Yesterday, I reported on the cost of a terabyte of data volume as that number gives a good idea of how much money is involved in transferring data, at least from a central place. It's quite low. Now here's another interesting number (sorry, the link to a German resource) that can help in the debate around file sharing and how much active file sharers use the network compare to average consumption.
In the post linked above, Kabel Deutschland (a German cable network operator) says that they only use throttling when file sharing and one-click hosting traffic of a user exceeds 60 gigabyes pe day. Wow, that's more than what I use without file sharing but with lots of online video rental and streaming in a whole month. 60 gigabytes times 30 days, that's 1.8 terabytes a month.
On the other hand, their terms and conditions state that they reserve themselves the right to throttle file sharing and one-click hosting traffic after 10 gigabytes a day. Hm, sometimes I would come close when I download a couple of weeks of recordings from my online video recording service.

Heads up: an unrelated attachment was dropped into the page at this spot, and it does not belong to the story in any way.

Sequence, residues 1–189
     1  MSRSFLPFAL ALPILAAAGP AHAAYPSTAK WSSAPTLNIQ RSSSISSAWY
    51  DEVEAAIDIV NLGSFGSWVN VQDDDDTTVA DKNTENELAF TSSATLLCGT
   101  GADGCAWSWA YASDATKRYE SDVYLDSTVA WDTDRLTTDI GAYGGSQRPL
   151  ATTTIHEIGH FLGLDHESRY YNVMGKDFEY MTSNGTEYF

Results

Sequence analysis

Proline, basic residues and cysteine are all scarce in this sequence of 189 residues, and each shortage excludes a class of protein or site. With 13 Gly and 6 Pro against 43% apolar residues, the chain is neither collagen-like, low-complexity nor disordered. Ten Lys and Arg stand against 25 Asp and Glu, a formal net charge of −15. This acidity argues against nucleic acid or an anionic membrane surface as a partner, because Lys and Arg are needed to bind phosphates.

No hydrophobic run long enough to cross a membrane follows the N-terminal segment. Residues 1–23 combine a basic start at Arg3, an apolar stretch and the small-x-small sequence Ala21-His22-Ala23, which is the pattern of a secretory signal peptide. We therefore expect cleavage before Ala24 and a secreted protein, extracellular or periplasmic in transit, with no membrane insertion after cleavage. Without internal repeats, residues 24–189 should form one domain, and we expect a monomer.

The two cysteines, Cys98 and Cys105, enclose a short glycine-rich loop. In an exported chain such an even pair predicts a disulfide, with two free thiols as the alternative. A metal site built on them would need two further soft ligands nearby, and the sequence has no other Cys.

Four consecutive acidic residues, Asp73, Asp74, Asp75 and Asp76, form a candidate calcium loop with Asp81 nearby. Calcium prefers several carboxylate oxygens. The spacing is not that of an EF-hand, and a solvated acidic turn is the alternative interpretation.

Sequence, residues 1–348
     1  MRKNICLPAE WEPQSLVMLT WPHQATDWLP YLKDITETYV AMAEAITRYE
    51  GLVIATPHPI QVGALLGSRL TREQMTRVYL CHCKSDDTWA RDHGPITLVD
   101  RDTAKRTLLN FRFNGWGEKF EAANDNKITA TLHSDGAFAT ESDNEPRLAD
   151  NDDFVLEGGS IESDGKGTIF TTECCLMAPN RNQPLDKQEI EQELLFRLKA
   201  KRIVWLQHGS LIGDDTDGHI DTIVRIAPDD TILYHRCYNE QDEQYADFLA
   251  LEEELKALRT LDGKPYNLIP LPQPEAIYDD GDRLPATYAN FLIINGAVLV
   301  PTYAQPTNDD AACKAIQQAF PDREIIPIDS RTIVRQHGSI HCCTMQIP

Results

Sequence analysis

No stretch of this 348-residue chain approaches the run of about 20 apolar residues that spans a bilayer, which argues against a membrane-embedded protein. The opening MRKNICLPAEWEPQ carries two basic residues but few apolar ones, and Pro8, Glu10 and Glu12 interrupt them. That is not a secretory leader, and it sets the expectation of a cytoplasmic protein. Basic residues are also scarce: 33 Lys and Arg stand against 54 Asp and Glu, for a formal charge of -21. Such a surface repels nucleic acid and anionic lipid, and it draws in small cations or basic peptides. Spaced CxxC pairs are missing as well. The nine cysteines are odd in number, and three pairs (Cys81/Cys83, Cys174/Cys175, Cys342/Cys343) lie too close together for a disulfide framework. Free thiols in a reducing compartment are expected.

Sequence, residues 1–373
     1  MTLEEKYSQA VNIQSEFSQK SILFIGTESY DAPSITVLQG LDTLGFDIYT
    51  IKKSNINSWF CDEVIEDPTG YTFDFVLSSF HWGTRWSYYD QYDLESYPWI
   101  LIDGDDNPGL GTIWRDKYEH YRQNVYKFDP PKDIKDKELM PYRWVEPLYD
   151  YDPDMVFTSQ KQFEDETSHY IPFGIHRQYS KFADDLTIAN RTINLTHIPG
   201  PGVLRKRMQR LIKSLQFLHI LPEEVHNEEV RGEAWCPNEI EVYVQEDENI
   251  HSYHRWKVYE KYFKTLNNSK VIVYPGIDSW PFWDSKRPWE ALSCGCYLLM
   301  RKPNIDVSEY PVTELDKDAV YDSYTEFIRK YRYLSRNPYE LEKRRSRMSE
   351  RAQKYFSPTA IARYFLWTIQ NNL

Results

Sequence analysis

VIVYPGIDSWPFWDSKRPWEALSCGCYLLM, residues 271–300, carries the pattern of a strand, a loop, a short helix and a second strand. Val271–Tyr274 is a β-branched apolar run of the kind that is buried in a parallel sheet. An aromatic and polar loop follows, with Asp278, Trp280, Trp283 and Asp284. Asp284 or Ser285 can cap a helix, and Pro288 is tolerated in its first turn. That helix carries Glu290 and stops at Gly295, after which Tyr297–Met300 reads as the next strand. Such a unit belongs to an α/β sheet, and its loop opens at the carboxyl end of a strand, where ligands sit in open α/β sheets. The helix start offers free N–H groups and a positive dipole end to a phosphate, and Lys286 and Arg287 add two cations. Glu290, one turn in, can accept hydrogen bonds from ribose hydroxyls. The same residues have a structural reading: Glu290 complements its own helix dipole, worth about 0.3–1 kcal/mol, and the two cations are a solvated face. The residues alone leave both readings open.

According to the post only 0.1% of their customers create such kind of traffic. And here are further interesting numbers from that post:
- 15 per cent of the users create 80% of the traffic in the network in the downlink direction. Unfortunately, they don't say how much traffic those 0.1% of users with 60 gigabytes or more generate. That would be a much more interesting number because I am not impressed by the first number as there will always be a large customer base that only use Internet connectivity only little and still pay the full price of the line.
- In the uplink direction 5 per cent of the users generate 80% of the traffic. Again, the overall amount of traffic of those 0.1% of heavy file sharing users would be an even interesting number.
One can think about those numbers in different ways but traffic shaping vs. net neutrality remains a hot topic. Personally I think I am somewhere in the middle of this debate, being well aware that this middle ground is a very slippery place to be. It get's a little bit less slippery if network operators are up front on the topic and state their T&C's around throttling quite clearly and don't hide them in the fine print. Then it's up for customers to decide when they have all the facts to perhaps choose lower prices when some sort of throttling is applied when they hit some limits vs. something more expensive when this is not done.